The papers presented in this special edition of Industrial Marketing Management arose from the last meeting of the IMP Group in Asia, which took as its theme, “Building Social Capital in Networks”. The decision to introduce social capital into an IMP conference was to encourage IMP researchers to investigate alternative theoretical frameworks developed outside the mainstream business-to-business marketing literature. Social capital is a broad umbrella concept that is increasingly being used across multiple disciplines, including regional development, business, political science, economics, sociology and education (Adler & Kwon, 2002). Paldam (2000, p. 631) went as far as to suggest that social capital is becoming a “joint concept for all social sciences”, while Adler and Kwon (2002, p. 18) reported that social capital is attracting “researchers from heterogeneous theoretical perspectives”, thus encouraging dialogue across a number of different disciplines. Researchers and practitioners within the business discipline are embracing social capital to describe outcomes such as: value delivery (Adler and Kwon, 2002, Baxter and Matear, 2004, Lindgreen and Wynstra, 2005, Tsai and Ghoshal, 1998 and Uzzi, 1997); firm performance (Batjargal, 2003); network strength; intellectual capital and learning (Nahapiet & Ghoshal, 1998) and entrepreneurial network growth (Liao & Welsch, 2003). Yet, business-to-business marketing researchers have been relatively slow in investigating the implications of social capital within business networks. This special issue is an initial step towards the consideration of social capital within the IMP oeuvre and visa versa. Social capital research can offer IMP researchers further insights into many of the concepts they are currently grappling with, while IMP research can offer social capital researchers insights into the operations of business networks. Although social capital has been popularized only in the last decade, largely due to the prominent studies of Bourdieu (1986), Coleman, 1988 and Coleman, 1990 and Putnam, 1993 and Putnam, 1995, the concept of social capital has a long intellectual history in the social sciences (Sabatini, 2006). The sense for which the term is used today dates back to Hanifan (1916) who invoked the concept of social capital to explain intangible assets [that] count most in the daily lives of people: goodwill, fellowship, sympathy and social intercourse among the individuals and families who make up a social unit (Productivity Commission, 2003). Jacobs (1961) used social capital to emphasize the importance of social networks in an urban environment and Loury, 1977 and Loury, 1981 drew on social capital to help explain different economic opportunities that minority and non-minority youths faced due to social connections. Bourdieu (1986) explored the concept of social capital in discussing social interactions, while Granovetter (1985) identified the role of social capital within embedded social networks. However, it was the work of Coleman (1990) and Putnam (1995) who are most responsible for the renewed interest in social capital as a means to moderate the behavior of individuals within society and exchange transactions. Even so, social capital remains an elusive concept (Durlauf & Fafchamps, 2004), with multiple interpretations existing within the literature. Although a number of papers have been written which seek to clarify the concept (see Adler and Kwon, 2002, Durlauf, 2002, Lin, 1999, Paldam, 2000 and Sobel, 2002), Adler and Kwon (2002) conclude that no single accepted definition has yet to emerge. Ostrom (2000) defines social capital as the shared knowledge, understandings, norms, rules and expectations about patterns of interactions that groups of individuals bring to a recurrent activity (p. 176). Bowles and Gintis (2002) state that social capital generally refers to trust, concern for one's associates, a willingness to live by the norms of one's community and to punish those who do not. Putnam (2000) defines social capital as the connections among individuals, social networks and the norms of reciprocity and trustworthiness that arise from them (p. 19). For the purposes of this paper, we view social capital as the mobilization, use and benefits gained through accessing present and future resources through social, intra- and inter-firm networks. Although social capital is a unifying concept, there are differences in how social capital is conceptualized and measured. As the OECD (2001) points out, it is possible to distinguish at least four broad approaches to the concept of social capital: (1) the economic literature focuses on both the individuals' incentives to interact and out of self-interest, to invest in social capital and the design and impact of formal and informal institutions; (2) the political science literature emphasizes the role of institutions and political and social norms in shaping human behavior; (3) the sociological literature analyses the social determinants of human motivation and focuses on the features of social organization such as trust, reciprocity and networks of civic engagement; and (4) the anthropological literature develops the notion that humans have a natural instinct for association, providing a biological basis for social order (Productivity Commission, 2003). IMP researchers are focusing on similar constructs, with particular emphasis on the economic and political science literature, such as trust, reciprocity, networks, interaction and institutions (see Ford & Håkansson, 2006). However, research tends to focus on either the individual or network level, rather than integrating both levels within a single broad definition (Adler & Kwon, 2002). Others focus their research on the benefits attained or sources of social capital with little empirical research considering how both play a role in the mobilization of those resources. Finally, empirical papers tend to develop their own measurement systems, which although they may employ similar terms, actually measure different aspects of the construct. Therefore, comparison of research results between different studies is difficult if not impossible (Durlauf, 2002). Furthermore, Sobel (2002) suggests that many of the benefits some authors claim are derived from social capital may not accrue from social capital at all! Within a society, social capital includes the institutions, the relationships, the attitudes and values that govern interactions among people and contribute to economic and social development (Productivity Commission, 2003). It includes the shared values and rules for social conduct expressed in personal relationships, trust, and a common sense of ‘civic’ responsibility that makes society more than just a collection of individuals (World Bank, 1998). Even although there are numerous definitions of social capital, there are some common characteristics, the most important of which is the role trust plays in gluing the network together. The concept of trust lubricating business network processes has a strong foundation within the IMP (Jansson, Johanson, & Ramström, 2007), for trust is an important construct within the interaction model (Håkansson, 1982). Trust research also has cross-disciplinary roots not dissimilar to those of social capital. Fukuyama (1995) defines trust as ‘the expectation that arises within a community of regular, honest and cooperative behavior, based on commonly shared norms, on the part of other members of the community’. People are also more likely to trust strangers who have religious, racial, vocational or other characteristics that are similar to their own. While trust based on personal experience and on-going relationships may be more robust than trust based on community norms, Putnam (2000) argues that generalizing trust is more valuable as it extends the ‘radius of trust’ to a wider circle of people, allowing a much larger range of interactions. Social norms are more likely to be spread and observed in a densely connected society (Productivity Commission, 2003) and are linked to societal values. Social norms are also related to trust with accepted rules, customs, norms and standards informally regulating transactions (Brenkert, 2000). Members of highly connected communities are more likely to trust one another due to strong societal values giving them confidence in other actors' actions and reliability. Thus, highly connected networks display higher levels of social capital. Common values and norms of obligation develop in long-term relationships where trust is present. Bradach and Eccles (1989) see norms of obligation as one of the bases of trust within and between organizations. Common values and norms based on kinship, familiarity, religion, ethnic status or family background will assure solidarity between exchange partners within the network (Zucker, 1986). Granovetter (1985) considers trust to be based primarily in the social system, where individuals find themselves capable of trusting because of the social norms and networks within which their actions are embedded. The role of formal institutions repeatedly emerges in the social capital literature, as high levels of societal social capital are closely aligned with the ability of business to “trust”. Zucker (1986) describes institutional trust as a vital precondition in the development of complex economic systems. Institutional trust is tied to formal social structures that generalize beyond a given transaction and specific exchange partners. Luhmann (1979) develops a similar concept of system trust on the basis that individuals trust on the assumption that others trust. System trust, derived from the confidence in the authority, reliability and/or legitimacy of political power, money and the legal system, accumulates from continuous positive experiences within the system. Social capital is particularly important in the transitional economies, as they often lack high levels of trust in their formal institutions. For example, in Ghana, Lyon (2000) reports how trust derived through a common individual, intermediary or guarantor, family linkages and long-term friends, a common ethnic background, attendance at the same church, or the individual's position within the community, is mandatory before traders will enter into any exchange transaction requiring credit. In China, Bjorkman and Koch (1995) describe how trust and the formation of social relationships is a prerequisite for business transactions. Child (2000) describes how trust-based relationships within defined family groups protect against opportunism and the very low levels of trust that prevail within Chinese society. Where personalized exchange emerges in response to the high risk of opportunism resulting from market imperfections, social capital reduces transaction costs by generating expectations, informal rules of conduct and a common understanding that enables actors to conduct business transactions more efficiently. In Ghana, Fafchamps (1996) shows that by sharing information on bad payers, actors can reduce transaction costs. Knowing more traders helps the focal firm collect price information from clients and suppliers; it facilitates sales on credit, enabling the focal firm to buy from regular suppliers and to sell to regular clients; and it simplifies quality inspection. By circulating information, social capital can enforce contractual obligations, penalties and magnify reputational sanctions (Durlauf & Fafchamps, 2004). Strong social norms and beliefs encourage compliance with local rules and customs reducing the need for formal mechanisms of control. Research suggests that social capital generates significant benefits by: (1) reducing the costs of conducting day-to-day affairs and of doing business; (2) facilitating the spread of knowledge and innovation; and (3) promoting cooperative and/or socially-minded behavior in situations where narrow self-interest alone is unlikely to generate good outcomes for society (Productivity Commission, 2003). Conversely, a lack of social capital encumbers daily life, limiting social and economic opportunities, and causes markets to work less efficiently (Rose-Ackerman, 2001).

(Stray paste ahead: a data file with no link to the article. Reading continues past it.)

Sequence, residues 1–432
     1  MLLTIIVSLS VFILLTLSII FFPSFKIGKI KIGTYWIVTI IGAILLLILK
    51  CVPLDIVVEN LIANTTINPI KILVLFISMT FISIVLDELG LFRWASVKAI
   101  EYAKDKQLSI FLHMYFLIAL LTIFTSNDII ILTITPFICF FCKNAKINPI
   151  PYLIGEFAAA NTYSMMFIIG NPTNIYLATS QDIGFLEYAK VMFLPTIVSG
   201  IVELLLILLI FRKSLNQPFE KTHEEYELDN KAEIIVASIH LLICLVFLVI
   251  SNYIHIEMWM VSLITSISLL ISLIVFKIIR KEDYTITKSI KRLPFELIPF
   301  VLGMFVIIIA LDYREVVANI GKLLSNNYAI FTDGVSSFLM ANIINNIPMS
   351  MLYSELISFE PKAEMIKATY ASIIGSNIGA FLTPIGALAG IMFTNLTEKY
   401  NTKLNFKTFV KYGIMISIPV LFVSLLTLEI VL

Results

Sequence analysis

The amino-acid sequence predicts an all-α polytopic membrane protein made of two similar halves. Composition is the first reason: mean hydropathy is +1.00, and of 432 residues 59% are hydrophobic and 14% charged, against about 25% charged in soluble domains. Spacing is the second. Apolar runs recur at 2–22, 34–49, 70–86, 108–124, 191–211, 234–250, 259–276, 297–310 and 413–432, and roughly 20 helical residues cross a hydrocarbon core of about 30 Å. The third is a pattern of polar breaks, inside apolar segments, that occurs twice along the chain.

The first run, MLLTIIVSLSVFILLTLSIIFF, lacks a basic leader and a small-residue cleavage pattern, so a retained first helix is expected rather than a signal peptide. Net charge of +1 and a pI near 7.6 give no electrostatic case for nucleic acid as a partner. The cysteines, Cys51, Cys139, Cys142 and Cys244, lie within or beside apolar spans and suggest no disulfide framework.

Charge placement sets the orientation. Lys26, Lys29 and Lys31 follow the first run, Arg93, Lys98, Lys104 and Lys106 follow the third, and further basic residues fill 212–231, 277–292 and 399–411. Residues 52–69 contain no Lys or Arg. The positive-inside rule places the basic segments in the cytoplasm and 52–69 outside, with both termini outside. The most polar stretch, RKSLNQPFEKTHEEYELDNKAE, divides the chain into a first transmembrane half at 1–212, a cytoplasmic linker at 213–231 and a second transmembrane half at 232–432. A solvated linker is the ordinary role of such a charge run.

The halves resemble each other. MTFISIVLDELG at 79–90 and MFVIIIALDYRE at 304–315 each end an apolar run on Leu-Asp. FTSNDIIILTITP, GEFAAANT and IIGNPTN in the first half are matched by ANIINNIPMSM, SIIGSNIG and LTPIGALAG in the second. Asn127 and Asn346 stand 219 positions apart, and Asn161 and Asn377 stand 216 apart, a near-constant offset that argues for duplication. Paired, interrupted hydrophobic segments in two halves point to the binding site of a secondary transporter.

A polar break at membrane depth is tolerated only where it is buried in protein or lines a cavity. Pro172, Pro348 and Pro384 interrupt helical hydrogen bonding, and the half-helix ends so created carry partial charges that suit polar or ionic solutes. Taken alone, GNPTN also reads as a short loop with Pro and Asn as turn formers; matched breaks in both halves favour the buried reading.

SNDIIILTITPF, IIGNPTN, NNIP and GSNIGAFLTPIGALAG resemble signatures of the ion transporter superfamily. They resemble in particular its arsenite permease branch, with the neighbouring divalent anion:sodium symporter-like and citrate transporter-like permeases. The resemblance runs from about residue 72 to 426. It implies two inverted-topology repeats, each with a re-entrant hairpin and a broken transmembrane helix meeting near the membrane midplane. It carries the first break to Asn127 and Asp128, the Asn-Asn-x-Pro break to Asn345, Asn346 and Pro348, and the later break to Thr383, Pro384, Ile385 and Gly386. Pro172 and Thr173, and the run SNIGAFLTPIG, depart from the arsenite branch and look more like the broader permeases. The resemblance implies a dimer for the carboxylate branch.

نتیجه گیری انگلیسی
For this special issue, the five papers which have been finally selected after an extensive review and revision process are expected to extend our current thinking on the role social capital plays in facilitating exchange. The first three papers consider social capital in the context of the transitional economies, where the lack of institutional trust and the pervading business practices rely heavily on the formal and informal social networks that actors have established. The two other papers view social capital in the context of high technology firms in Europe, where, by its very nature, the industry is very dynamic and uncertain. Anticipating that social capital will take different forms and assume different levels of importance in different countries, Ramström explores the various mechanisms by which northern European firms engage with ethnic Chinese business people. Of special significance is the realization by European business managers that business relationships for the ethnic Chinese are built on social relationships. There is a more frequent need for social interaction, both formally and informally, with multiple numbers of personal contacts in the Chinese firm, at a number of different management levels. In the absence of institutional trust, social capital is intrinsically tied to trust, not in the organization, but with the individual. Relationships are established initially through personal references and recommendations, reinforcing the need to both build and maintain an extensive network of social contacts, even with those firms with whom business is no longer conducted. Furthermore, whereas Europeans have a natural propensity to trust until an individual demonstrates that they are untrustworthy, ethnic Chinese assume all exchange partners to be untrustworthy until such time as they have proven themselves worthy of being trusted. Not unexpectedly, there is a significant difference in the temporal dimension required to both develop and valid the trust that has been ascribed to an individual. European firms interacting with ethnic Chinese business partners have an opportunity to build trust at a number of levels. In the first instance, European managers perceive that there is an element of respect shown towards them because of their superior knowledge and expertise (competence trust) (Sako, 1992). Implicitly, there is an element of goodwill trust, for in order to build a long-term relationship with an ethnic Chinese firm, European business managers must show respect, be considerate and caring, and if they are to succeed, to pro-actively offer assistance. Of particular importance is the need to avoid confrontation and to preserve “face”. While the use of written contracts is unusual in business relationships between ethnic Chinese firms, there is perceived to be a growing recognition among the ethnic Chinese who transact with European firms, of the need for a written contract, for such is a characteristic of western business practice. A European firm can best demonstrate contractual trust by adopting a long-term orientation to the market, by locating sales representatives in the region and appointing ethnic Chinese to positions of responsibility. Theingi, Purchase and Phungphol use a model developed from Adler and Kwon (2002) to explore business relationships in Thailand, not from the perspective of the western firm, but from that of ethnic Chinese traders and exporters. The paper begins by exploring the relationship between social capital and the concepts of requing, guanxi and xinyong that collectively are receiving increasing attention in the business-to-business literature. Whereas Adler and Kwon differentiate between hierarchical relationships (intra-organizational), market relationships (inter-organizational) and social relationships (personal and family relationships), Theingi et al. reveal that Thai business people seldom differentiate between internal and external and/or between social and business relationships in accessing social capital. Consequently, it was proposed that the relationship types be merged into a single construct described as social structure. Similarly, while Adler and Kwon differentiated between opportunity (network position and relationship quality), motivation (whether drawing on social capital is acceptable within society) and ability (whether network actors have the skills and resources required), Theingi et al. noted that the three constructs were not independent, but rather, there was a considerable amount of overlap. Again, it was proposed to these be amalgamated to form a single construct described as social capital behavior. The unifying element was trust which minimized risk through sharing information, keeping promises and adopting a mutually beneficial relationship that resulted in an equitable sharing of the relationship benefits. Of particular note was the considerable investment required to build enduring, long-term relationships: respondents indicated that it was not uncommon to invest from 6 to 24 months building the relationship before any exchange of goods or services took place. This commitment also extended to the need, on occasions, to support a business partner who was in trouble in the expectation that such favors would be reciprocated in the future. Moving to Europe and more specifically to Russia, Butler and Purchase explore the use of social capital among a new generation of Russian business managers. While much has been written about the corrupt business practices that accompanied the fall of the communist regime, a new generation of managers are emerging who are not connected to the nomenklatura and are well educated in the western ways of conducting business. No longer is the wild capitalism of the early 1990s rampant, but rather, respectability, integrity and responsibility are becoming critical aspects of Russian business practice. In particular, reputation has become fundamental in developing trust with the public and building a strong identity. Using the three dimensions of social capital proposed by Nahapiet and Ghoshal (1998), it is evident that in this transition, structural social capital is still the most influential in building and maintaining social capital. Respondents indicated that they continue to maintain relationships established with former colleagues by engaging in various social activities. Such contacts were particularly important in developing new business relationships and in accessing government assistance. Trust, trustworthiness and reciprocity were the critical elements of relational social capital where interpersonal trust was highly valued. The ability to learn (cognitive social capital) was important in reinforcing both structural social capital and relational social capital. Westerlund and Svahn discuss the role of social capital in the turbulent and uncertain environment of the software industry, from a value perspective. In order to gain access to resources and markets, firms need relationships, and social capital provides the key to developing and maintaining these relationships. However, Westerlund and Svahn note that not all relationships are identical: different relationships with different actors will make different contributions to the firm's value proposition. Recognizing that some relationships are more valuable than others, Westerlund and Svahn draw on the three dimensions of social capital as described by Nahapiet and Ghoshal (1998) to explore how the focal firm's relationships with upstream and downstream business partners differ by function: those that support research and development; those that support marketing and distribution; and those that facilitate or support the focal firm itself. Their analysis reveals the critical role of social relationships in providing access to technology “gurus” and in providing a gateway to large research and development institutions and tool providers. These individuals may be both internal and external to the organization. In establishing partnerships and alliances with marketing and distribution companies, the structural aspects of the relationship such as the partner's market share, their visibility and the strength of their brands were critical determinants. Nevertheless, exchange partners also needed to demonstrate their capacity to innovate and to adapt the product to meet customer's demands and to gather, filter and distribute market information. For those relationships that facilitated and supported the focal firm, many of these actors were individuals embedded within the entrepreneurs' social networks. Business consultants and business angels (financiers) were invaluable in gaining access to funds and in providing the expertise necessary to manage the business. In the final paper, Partanen et al. continue to explore the role of social capital in the process of innovation. To be innovative, firms need to be able to access and mobilize networks, but the role that social capital plays in the innovative process differs with the stage of business development. Initially, firms need to access knowledge, information and technology networks. Such resources are achieved primarily through personal or individual networks. Cognitive social capital is essential at this stage to create a limited set of strong relational, trust-based ties, which are the cornerstone of scientific and technological collaboration. Social capital also has an essential role to play in the transition between offer development and commercialization, especially in terms of transforming weak ties into collaborative business relationships. However, as the product enters the first phase of commercialization, the emphasis shifts towards the establishment of reference or reputational networks. Relational social capital is helpful in creating the level of trust among financial institutions that facilitates the acquisition of venture capital. However, as the networks become more numerous, more complex and multifunctional, social networks become increasingly less important and are gradually replaced by structural capital. As this and the other papers selected have revealed, social capital is indeed a complex and multifaceted construct, subject to numerous interpretations at the individual level, the organizational level, the network level and the societal level. While trust and trustworthiness seem instrumental in moderating relationships between individuals, structural social capital (Nahapiet & Ghoshal, 1998) becomes more prominent in facilitating exchange at the network level. Underpinning the structural and relational dimensions of social capital, cognitive social capital provides a mechanism for the development of shared norms and values which enables actors to facilitate exchange beyond the dyadic relationship. By implication, as relationships and networks develop over time, a temporal dimension is introduced, which adds considerable complexity to an already dynamic environment. In concluding this introductory paper, we encourage researchers to continue to explore the social capital construct and its role in facilitating exchange within business networks. Examining such complex research issues from different perspectives and from varied discipline backgrounds can only improve our understanding of the construct and of the complex systems we call business networks.